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Cebar Survives Because He's a Fine Humor Being


On the other end of the phone, Paul Cebar's voice was showing the effects of a severe lack of sleep. It's a musician thing, this voice; you hear it in hard-touring performers all the time. The low and desolate tone from deep in the chest is one of exhaustion and numbness, too much cigarette smoke and coffee and beer.

It's a tone borne of nights spent curled up in unnatural positions in a van or trying to sleep in sleazy motels while keeping one eye on the clock.

But Cebar, who performs Sunday at the Coach House with his band, the Milwaukeeans, says he has found the antidote for the ravages that touring can inflict.

"I believe that humor is very important in music," says that battered voice. "I believe it prevents what I call 'creeping Bolton-ism.' "

That essential funny bone, his appreciation for the ridiculous, feeds his music and powers his life.

Cebar, 39, has had his manic pleasure machine on the road for 10 years, plumbing the latitudes of American music's outer edges. The band has weathered many personnel changes; the current lineup features Cebar on guitar and vocals plus percussionist McKinley Perkins, drummer Reggie Bordeaux, saxophonist-keyboardist Bob Jennings, bassist Mike Kashou and guitarist Terry Vittone.

Their current album, "Upstroke for the Downfolk," is only the group's second in a decade-long career. The album has been likened to a cross between Louis Jordan and the Talking Heads, Smokey Robinson and Miriam Makeba, Isaac Hayes and Leonard Cohen.

Cebar, known as King of the Whatchamacallit, draws his own conclusions in an insert he wrote for the band's promotional package: "The common ground between Paul Cebar and Whitney Houston? Paul sings. Between Cebar and Dr. Dre? Paul is not a doctor either. Cebar and Snoop Doggy Dogg? Were Paul a dog, he'd add another 'g.' Cebar and Elvis Costello? Neither is the king of America."

For all the joking that's such a big part of Cebar's appeal, he is a serious musicologist as well. Get him to talking about influences, and you'll find yourself holding the phone in silence for extended periods.

"I have an enormous passion for New Orleans R&B and everything that leads you to--down the Caribbean and over to Africa and Latin America," Cebar said. "Curtis Mayfield is very important to me in terms of his guitar playing and his tenderness.

"Some contemporaries would be people like John Hiatt or Nick Lowe, Leonard Cohen. Lately I've been trying to find Caribbean orchestras. I used to buy all those records for only the Calypso tunes and skip the tunes where the band was playing--now I'm searching those out.

"I got to listening to the accordion and trying to find it everywhere. . . . I love Stax-Volt, and I love Motown, as I assume all Americans do. There's a lot of influences to draw from out there. Rhythm and blues, its whole history is endlessly rich."

Cebar got into exploring all sorts of music at an early age. One can easily picture him as an outcast in high school, forgoing sports and dances and extracurricular activities to rush home and listen to 78s by Wynonie Harris or Professor Longhair.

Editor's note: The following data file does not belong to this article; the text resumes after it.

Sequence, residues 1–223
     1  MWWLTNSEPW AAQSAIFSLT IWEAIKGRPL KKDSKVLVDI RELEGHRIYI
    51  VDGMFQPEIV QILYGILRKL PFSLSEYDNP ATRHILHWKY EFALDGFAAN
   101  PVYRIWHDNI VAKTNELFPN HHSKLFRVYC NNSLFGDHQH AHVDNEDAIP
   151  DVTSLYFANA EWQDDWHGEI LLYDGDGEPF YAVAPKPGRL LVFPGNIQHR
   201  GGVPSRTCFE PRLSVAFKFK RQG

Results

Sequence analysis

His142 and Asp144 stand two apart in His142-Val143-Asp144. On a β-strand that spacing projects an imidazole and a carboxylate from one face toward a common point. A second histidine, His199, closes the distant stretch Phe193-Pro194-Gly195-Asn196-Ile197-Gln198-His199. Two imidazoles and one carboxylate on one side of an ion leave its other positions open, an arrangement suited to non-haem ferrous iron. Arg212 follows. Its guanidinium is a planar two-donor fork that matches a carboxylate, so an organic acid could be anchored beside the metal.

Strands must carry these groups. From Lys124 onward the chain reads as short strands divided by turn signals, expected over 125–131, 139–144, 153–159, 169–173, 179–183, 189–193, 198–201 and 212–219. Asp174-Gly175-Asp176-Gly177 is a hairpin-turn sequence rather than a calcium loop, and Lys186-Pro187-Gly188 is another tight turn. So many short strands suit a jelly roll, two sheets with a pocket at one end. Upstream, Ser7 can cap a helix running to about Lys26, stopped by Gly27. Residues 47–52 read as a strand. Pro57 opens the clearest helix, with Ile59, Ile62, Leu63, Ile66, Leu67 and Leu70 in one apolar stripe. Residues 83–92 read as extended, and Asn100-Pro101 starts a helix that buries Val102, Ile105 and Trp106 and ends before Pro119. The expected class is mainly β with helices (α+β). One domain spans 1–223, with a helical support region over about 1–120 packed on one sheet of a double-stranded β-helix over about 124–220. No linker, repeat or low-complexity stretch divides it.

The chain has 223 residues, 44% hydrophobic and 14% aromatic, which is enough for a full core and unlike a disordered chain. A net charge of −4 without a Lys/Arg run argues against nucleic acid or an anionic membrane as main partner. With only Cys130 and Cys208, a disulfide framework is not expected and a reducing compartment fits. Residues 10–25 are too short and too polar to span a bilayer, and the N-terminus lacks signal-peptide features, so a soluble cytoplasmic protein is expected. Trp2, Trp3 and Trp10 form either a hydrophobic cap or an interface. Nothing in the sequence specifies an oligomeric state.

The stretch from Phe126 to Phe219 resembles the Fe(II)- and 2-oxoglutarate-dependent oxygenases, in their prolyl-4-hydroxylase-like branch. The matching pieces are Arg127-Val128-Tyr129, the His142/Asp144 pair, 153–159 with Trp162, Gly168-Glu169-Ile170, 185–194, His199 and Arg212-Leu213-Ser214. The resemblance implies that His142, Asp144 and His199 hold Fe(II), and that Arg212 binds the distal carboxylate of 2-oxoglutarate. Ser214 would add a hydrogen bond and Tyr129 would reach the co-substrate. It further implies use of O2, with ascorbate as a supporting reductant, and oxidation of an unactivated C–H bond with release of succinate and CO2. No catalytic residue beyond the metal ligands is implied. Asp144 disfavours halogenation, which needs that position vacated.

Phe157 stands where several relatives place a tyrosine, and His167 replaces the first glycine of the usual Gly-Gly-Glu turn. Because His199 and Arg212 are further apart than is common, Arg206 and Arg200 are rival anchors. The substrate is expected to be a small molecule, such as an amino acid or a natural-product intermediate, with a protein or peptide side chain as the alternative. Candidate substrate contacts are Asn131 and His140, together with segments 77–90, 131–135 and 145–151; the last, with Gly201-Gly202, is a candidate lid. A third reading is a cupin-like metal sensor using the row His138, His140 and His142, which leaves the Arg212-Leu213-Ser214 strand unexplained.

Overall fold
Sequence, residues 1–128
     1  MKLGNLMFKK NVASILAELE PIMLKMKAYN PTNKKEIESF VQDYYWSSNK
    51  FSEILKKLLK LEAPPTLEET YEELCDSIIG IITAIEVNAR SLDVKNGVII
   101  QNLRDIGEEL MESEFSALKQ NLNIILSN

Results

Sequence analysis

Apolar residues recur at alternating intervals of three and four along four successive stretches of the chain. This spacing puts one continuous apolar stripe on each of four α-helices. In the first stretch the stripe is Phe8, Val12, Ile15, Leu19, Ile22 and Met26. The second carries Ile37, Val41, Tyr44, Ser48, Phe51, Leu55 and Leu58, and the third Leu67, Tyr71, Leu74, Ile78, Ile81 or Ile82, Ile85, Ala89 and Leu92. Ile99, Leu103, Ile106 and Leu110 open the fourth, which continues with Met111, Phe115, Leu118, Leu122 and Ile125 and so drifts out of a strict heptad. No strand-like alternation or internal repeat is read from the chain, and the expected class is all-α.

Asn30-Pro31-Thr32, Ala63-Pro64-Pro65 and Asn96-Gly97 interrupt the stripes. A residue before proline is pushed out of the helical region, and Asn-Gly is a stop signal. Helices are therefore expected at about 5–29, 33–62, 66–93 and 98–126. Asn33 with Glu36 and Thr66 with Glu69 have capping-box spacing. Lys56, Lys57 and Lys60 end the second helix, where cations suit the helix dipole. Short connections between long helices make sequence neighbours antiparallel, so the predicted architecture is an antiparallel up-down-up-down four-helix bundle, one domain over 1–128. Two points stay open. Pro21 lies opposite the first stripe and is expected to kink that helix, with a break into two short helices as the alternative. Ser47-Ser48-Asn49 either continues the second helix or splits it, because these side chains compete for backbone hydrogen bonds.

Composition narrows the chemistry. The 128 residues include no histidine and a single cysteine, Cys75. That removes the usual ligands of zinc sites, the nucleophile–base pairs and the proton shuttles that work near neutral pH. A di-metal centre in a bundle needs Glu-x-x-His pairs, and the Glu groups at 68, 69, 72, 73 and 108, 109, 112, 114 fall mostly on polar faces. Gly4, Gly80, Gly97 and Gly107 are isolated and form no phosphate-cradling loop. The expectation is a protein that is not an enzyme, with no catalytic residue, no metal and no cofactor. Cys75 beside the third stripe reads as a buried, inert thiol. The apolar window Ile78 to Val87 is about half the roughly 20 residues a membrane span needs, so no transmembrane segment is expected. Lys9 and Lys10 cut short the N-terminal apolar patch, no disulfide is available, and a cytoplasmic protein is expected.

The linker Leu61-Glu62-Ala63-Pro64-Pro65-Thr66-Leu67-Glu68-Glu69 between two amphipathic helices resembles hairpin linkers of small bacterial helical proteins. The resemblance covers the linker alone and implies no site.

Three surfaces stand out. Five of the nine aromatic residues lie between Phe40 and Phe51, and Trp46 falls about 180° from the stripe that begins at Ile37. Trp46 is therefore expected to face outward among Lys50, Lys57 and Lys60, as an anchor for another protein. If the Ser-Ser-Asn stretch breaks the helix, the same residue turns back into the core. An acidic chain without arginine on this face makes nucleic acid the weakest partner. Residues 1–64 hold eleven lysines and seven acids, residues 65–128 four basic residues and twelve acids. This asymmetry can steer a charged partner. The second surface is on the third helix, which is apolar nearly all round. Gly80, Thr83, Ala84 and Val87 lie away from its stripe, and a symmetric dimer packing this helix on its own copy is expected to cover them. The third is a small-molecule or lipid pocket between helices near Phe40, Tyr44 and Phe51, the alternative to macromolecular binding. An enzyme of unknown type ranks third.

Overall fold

"When I was getting into high school, an older girl sat me down and said, 'Here's Mississippi John Hurt; here's Bukka White; here's the whole pantheon of blues guys,' " he said. "That got me started right off when I had just started playing the guitar. In college, I had a music professor who told us to look behind the cracks of the major figures for lots of surprises, and I did."

Cebar's first group was called the R&B Cadets, which made a splash in Milwaukee but nowhere else. Cebar said his main duty with the Cadets was to dig up obscure R&B songs for the group to cover.

He formed the Milwaukeeans in 1986, developing a reputation throughout the Midwest as a live band second to none. Signed to Shanachie Records in 1993, the group released "That Unhinged Thing," but the album went largely ignored.

"The first record came out, and we hit the old boards real hard," Cebar said. "But we wound up with the typical beautiful disappointment that we all love, trying to get somebody to hear it and wondering what in the world is going on."

"Upstroke for the Downfolk," released on Don't Records, has fared somewhat better, receiving some national airplay and a lot of critical raves. With a small taste of success after years of fruitless struggle, Cebar hungers for more attention.

"I'd like to say that it's all water, and it just runs and runs and runs--but the fact is that I'd like to get to a bigger audience," he said. "That's why I'm still out there in a van today. I'm trying to become a recognizable part of the culture, as opposed to a speck in the Midwest."

* Who: Paul Cebar & the Milwaukeeans.

* When: 8 p.m. Sunday, opening for the BoDeans.

* Where: The Coach House, 33157 Camino Capistrano, San Juan Capistrano.

* Whereabouts: Take Interstate 5 to Camino Capistrano and go left. The Coach House is in the Esplanade Plaza, on the right.

* Wherewithal: $18.50-$20.50.

* Where to call: (714) 496-8930.

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